I’ve had the privilege of working with scholars and authors from all over the world, and the contrasts (and unexpected similarities) in their approaches to reading and writing are striking. One is not necessarily better or worse than another, but they sometimes run opposite to one another, and that can get an international scholar into a bewildering sort of trouble. For the sake of client confidentiality I won’t offer specific examples, but I will tell you that our work with Asian scholars from high school through grad school inspired a special twelve-minute digression in both our Reading Seminar and our Writing Seminar about the Western academic paradigm. Those twelve minutes made a world of difference in the academic careers of several persons.
No matter what academic paradigm you come from, reading and writing are the yin and yang of everything—not just academia but of business, technology, education, and civilization itself. It took a while to collect and compile the statistics (so it didn’t appear in January!) but it is here at last: A Guide to Global Reading Habits: Top Ten Most Literate Countries in 2016.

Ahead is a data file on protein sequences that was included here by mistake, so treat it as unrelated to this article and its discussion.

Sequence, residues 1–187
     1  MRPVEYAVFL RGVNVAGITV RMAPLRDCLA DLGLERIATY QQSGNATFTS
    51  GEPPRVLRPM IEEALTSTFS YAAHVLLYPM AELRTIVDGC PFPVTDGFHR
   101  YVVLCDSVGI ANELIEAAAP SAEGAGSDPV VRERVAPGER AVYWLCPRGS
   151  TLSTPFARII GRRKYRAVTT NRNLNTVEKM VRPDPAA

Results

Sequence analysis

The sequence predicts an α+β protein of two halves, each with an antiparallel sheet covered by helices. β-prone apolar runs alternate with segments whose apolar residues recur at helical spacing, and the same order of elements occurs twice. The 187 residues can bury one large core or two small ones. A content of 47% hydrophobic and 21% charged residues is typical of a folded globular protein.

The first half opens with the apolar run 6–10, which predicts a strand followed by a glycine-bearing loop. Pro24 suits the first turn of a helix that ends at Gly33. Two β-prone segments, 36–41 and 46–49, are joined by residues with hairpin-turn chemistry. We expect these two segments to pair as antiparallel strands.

Just a couple of things that stood out to me: by one important measure the literacy of the United States of America compares favorably to Vietnam, and within the US, four of the ten most literate cities are caressed by Pacific Ocean breezes… coincidence? And for those of you who pooh-pooh books as passé and herald the ascendency of video and film, please note that book publishing, worldwide, outperforms all other media and entertainment industries. (Oh yes it does— scroll down near the bottom of the infographic)
May this inspire you to read more ambitiously and write more proficiently in the coming years!